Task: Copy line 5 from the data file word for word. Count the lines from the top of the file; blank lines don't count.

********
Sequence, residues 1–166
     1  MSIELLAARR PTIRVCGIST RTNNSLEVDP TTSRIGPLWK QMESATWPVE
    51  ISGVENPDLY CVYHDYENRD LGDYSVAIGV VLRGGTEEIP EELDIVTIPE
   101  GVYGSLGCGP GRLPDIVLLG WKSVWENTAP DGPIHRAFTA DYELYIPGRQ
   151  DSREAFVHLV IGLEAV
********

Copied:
   151  DSREAFVHLV IGLEAV